Nada Tawfeek had been teaching children in Christchurch’s Al Noor Mosque. She couldn’t possibly have realised how apposite those lessons were.

“I was doing classes with them, fortnightly, about purification of the heart, making sure your heart is not filled with envy, hate, or greed. It’s a big part of our teachings in Islam, and our Prophet’s teachings, because we believe no one can enter heaven unless you have a pure heart.”

A psychology graduate from the University of Canterbury, Tawfeek, 25, also discussed mental wellbeing. About how there’s no shame in asking for help or talking about your feelings, if you’re feeling down or grieving. The signs to look our for if someone’s suffering.

“Which is really interesting now, given the circumstances, that we were talking about that just a month ago.”

Cairo-born, England-raised Tawfeek, who speaks with an English accent, moved to Christchurch in 2009 when her father, Sherif, a gynaecologist, took a job at the city’s women’s hospital. She went to St Margaret’s College, completed her psychology degree at University of Canterbury, and met her husband here.

Christchurch is home. Al Noor is her mosque.

For 18 months Tawfeek had been living in Merivale while her husband, Mohamed Moustafa, an oil and gas engineer, undertook a fly-in, fly-out, two weeks on, two weeks off job in Australia.

People pause outside Christchurch’s Al Noor Mosque to remember the victims of the March 15 shootings. Photo: David Williams

On March 15, when a terrorist entered Al Noor and started shooting, she was in Egypt, staying with family, as Mohamed had started a job in Saudi Arabia. At 3am, Egyptian time, Tawfeek woke for no particular reason to a series of messages from friends in Christchurch, asking if she was OK.

“I expected that a war had happened in Egypt, or something had happened to Egypt, like a bomb. I didn’t think of New Zealand at all, or Christchurch.”

She checked social media and saw news of the shooting, and its shocking scale.

“I never in a million years expected anything like that to happen in Christchurch, in our mosque in Christchurch. It’s a really small Muslim community. It’s a really small mosque and we all know each other.”

Suddenly, shockingly, the focus of the world’s news media was on her home city, where her parents and inlaws live.

(If it had happened a month earlier, she, her husband, and her brother-in-law would have been there. It was just a coincidence her father wasn’t there – he had gone to Ashburton that day. If the attack had happened a day later, on the Saturday, there would have been hundreds of kids, including Tawfeek’s sisters, aged 3 and 5, as well as her mum, at the mosque.)

The faces on TV of the injured and the crying – people searching for their sons, their husbands – were faces she recognised.

Worst fears realised

Tawfeek rang her husband in Saudi. It dawned on them that the attack happened during Jumu’ah prayers, Friday prayers. They were sure her husband’s father, Hussein Moustafa, 70, would have been there. “He was always at the mosque – always either at the gym or at the mosque.”

Initially there was hope. Someone said they saw him alive and well. The live-stream video of the shooting ran, in full, on Egyptian TV news.

“I watched it when I was over there. And so did my husband, to try and find my father-in-law. We did.”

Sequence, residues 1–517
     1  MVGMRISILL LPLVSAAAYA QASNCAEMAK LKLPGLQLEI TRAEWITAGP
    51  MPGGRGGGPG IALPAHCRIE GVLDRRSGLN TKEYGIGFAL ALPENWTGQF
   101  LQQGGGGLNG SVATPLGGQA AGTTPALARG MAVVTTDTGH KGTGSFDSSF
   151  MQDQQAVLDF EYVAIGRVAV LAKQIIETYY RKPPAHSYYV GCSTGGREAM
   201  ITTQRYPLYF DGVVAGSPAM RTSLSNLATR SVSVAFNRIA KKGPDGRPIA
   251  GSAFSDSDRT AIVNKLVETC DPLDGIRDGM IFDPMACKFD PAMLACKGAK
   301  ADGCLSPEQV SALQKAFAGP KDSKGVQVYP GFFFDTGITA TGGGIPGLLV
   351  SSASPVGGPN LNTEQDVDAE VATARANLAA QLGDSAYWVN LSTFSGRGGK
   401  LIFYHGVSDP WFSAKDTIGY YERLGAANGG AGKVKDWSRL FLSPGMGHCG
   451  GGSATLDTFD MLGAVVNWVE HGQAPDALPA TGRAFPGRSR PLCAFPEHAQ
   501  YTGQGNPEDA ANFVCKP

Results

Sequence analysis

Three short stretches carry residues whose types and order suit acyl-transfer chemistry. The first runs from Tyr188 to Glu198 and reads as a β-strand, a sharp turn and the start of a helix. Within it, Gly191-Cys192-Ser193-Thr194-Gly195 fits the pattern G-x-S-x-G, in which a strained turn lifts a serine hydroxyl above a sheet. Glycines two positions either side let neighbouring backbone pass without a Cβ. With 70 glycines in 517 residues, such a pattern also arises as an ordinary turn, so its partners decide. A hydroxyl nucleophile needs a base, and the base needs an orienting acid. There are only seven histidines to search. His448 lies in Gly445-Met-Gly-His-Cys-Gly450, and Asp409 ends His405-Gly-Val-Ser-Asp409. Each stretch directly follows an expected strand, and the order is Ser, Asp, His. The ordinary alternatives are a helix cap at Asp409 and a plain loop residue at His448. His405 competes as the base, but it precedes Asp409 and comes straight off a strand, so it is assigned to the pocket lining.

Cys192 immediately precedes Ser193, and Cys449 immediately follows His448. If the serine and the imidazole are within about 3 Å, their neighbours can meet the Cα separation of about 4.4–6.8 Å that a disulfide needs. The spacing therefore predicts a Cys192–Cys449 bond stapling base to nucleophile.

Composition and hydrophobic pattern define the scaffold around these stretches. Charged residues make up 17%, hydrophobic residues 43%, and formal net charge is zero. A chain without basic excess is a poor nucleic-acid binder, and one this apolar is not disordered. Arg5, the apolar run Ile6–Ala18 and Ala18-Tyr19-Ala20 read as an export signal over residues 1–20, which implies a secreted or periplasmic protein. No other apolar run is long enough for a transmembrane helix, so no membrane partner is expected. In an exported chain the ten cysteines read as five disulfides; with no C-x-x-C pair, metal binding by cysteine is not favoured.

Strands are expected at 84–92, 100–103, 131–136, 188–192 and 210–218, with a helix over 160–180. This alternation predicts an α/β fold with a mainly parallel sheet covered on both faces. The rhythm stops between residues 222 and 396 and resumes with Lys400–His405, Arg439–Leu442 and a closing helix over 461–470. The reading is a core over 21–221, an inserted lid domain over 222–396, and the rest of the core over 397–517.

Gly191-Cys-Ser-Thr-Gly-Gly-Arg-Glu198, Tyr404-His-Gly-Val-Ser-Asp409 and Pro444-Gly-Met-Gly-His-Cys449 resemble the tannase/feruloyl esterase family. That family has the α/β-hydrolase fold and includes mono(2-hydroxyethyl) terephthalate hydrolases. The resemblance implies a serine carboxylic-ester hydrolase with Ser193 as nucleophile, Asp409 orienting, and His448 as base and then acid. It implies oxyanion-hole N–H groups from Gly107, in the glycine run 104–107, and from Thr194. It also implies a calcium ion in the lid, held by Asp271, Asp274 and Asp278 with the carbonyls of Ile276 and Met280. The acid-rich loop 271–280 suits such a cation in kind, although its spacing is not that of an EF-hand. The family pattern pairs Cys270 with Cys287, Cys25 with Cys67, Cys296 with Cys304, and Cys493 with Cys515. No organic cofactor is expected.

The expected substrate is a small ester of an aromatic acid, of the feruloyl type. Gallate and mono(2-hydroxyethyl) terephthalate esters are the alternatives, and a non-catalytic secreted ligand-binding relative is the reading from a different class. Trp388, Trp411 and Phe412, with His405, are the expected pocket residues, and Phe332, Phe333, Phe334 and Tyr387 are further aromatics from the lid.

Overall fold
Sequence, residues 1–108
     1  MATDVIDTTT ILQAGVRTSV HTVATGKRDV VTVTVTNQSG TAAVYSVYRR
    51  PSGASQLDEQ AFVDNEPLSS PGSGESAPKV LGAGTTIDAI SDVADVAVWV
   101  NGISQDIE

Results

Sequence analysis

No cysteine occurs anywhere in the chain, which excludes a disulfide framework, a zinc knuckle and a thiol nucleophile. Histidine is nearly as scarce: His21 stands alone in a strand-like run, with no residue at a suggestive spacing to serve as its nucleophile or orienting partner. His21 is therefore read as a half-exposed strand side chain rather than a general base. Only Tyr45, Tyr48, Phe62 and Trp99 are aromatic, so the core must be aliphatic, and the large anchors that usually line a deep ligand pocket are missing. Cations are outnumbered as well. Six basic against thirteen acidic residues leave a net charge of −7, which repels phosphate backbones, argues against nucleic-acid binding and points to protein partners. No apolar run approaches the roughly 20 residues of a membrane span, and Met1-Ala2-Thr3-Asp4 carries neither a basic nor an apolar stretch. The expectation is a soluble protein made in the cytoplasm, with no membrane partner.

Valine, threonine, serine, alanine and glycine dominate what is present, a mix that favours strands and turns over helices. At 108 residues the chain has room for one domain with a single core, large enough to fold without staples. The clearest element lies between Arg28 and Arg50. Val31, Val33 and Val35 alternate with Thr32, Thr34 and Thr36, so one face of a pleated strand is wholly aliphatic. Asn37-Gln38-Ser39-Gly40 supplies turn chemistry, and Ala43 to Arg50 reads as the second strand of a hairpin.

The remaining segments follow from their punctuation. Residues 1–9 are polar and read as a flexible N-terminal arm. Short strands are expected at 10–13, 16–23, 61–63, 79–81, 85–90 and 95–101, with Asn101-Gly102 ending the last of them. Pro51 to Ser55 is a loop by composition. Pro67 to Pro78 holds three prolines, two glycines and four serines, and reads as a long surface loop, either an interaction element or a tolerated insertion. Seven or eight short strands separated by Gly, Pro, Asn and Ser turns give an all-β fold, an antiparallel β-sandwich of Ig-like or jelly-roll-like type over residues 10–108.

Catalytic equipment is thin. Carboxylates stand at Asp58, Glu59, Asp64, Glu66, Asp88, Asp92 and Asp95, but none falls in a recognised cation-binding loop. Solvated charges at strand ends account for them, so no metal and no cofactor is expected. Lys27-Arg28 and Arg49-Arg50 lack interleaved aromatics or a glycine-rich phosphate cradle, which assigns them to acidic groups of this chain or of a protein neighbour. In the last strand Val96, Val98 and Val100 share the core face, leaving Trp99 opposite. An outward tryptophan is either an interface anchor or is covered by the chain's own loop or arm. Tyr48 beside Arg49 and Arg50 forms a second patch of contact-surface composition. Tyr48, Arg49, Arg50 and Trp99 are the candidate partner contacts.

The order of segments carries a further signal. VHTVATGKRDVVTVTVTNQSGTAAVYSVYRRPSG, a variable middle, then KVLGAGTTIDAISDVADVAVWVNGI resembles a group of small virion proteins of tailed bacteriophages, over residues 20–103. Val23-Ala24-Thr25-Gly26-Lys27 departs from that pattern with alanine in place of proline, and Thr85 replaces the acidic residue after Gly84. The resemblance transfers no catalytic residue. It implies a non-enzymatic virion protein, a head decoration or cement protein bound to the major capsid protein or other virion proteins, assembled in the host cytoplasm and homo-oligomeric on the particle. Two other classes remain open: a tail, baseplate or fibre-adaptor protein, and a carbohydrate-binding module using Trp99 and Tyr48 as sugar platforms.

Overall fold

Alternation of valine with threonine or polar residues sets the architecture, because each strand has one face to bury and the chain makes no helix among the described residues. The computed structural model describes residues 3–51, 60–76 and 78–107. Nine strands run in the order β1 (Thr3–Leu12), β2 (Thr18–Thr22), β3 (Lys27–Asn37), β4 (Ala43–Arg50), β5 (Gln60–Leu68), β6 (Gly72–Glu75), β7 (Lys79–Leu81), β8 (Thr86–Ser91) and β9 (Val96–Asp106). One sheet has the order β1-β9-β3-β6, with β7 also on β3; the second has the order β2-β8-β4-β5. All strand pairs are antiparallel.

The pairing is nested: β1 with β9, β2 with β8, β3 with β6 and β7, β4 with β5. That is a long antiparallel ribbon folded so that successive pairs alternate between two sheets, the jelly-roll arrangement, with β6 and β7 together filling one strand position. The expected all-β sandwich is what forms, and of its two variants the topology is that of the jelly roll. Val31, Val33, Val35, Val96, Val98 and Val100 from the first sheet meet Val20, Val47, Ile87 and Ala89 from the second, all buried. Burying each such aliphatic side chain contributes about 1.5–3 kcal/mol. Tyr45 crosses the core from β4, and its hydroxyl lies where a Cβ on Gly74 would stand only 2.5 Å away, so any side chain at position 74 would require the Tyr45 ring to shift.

When the injured list, of people in the hospital, was called out in Christchurch, Hussein’s name wasn’t on it. That meant he was still in the Al Noor mosque. No one at the mosque was alive, authorities said. “My husband found out as soon as he landed in Egypt to pick me up.”

They flew to New Zealand knowing the worst had happened.

That first week was a blur, both of them busy from morning till late at night. Two Thursdays ago they buried Hussein.

Mohamed had the honour of washing and shrouding his father’s body, the ghusl. “Then we got to say our goodbyes,” Tawfeek says. “This is my first time ever dealing with death. It was very raw and very surreal.”

At the funeral prayer, or salat al-janazah, Mohamed helped carry his father’s body. Tawfeek: “We laid him down. We each took dirt and put it on him.” A dead body is just a vessel, she says. “He is now with his Lord.”

“We should acknowledge the problem in order to try and face it and try and begin to fix it, begin to raise awareness about it.” – Nada Tawfeek

Wearing the hijab around Christchurch wasn’t easy, Tawfeek says.

She came from the United Kingdom, where more than 3 million people practice Islam, to a country where, according to the 2013 census, 46,000 people were affiliated with Islam. In Christchurch, Muslims are a small and visible community.

The picture is so complex it seems contradictory. Tawfeek says most Kiwis are friendly and accepting, particularly because of the country’s racial diversity. “I felt very confident practising my religion here.”

But she adds the caveat that she felt more welcomed by the “international community in New Zealand” rather than Kiwis themselves. “I feel like I belonged to my group of friends, whereas I felt like New Zealand has always been quite clicky, especially Christchurch.”

Pre-quake, in the bus exchange area of the city, Tawfeek and younger sister Hannah were in their St Margaret’s College school uniforms, and headscarfs, on their way to school. Two young adults shouted “terrorist” at them. “Everyone just went about their day as if nothing had happened.”

Years later, near Christchurch’s polytechnic, Tawfeek was walking from the community access radio station Plains FM’s studio with a fellow Muslim presenter and a male colleague, when someone gave them a Nazi salute. Just three years ago, a pig’s head was left outside the Al Noor mosque, where 42 people were shot dead on March 15. Eight others died after being shot at the Linwood Mosque.

Unfortunately, Islamophobia is still alive in Christchurch. Stuff has reported how, just three days after the attacks, a Christchurch bus driver slammed the door in the face of a hijab-wearing teen. A swastika was painted on a fence on Brougham St, where the alleged terrorist’s car was rammed by police.

Tawfeek shakes her head when people, including Prime Minister Jacinda Ardern, say of the attacks that “this is not us”. “It was part of us,” she says. “And I think that we shouldn’t deny that it is part of us. We should acknowledge the problem in order to try and face it and try and begin to fix it, begin to raise awareness about it.”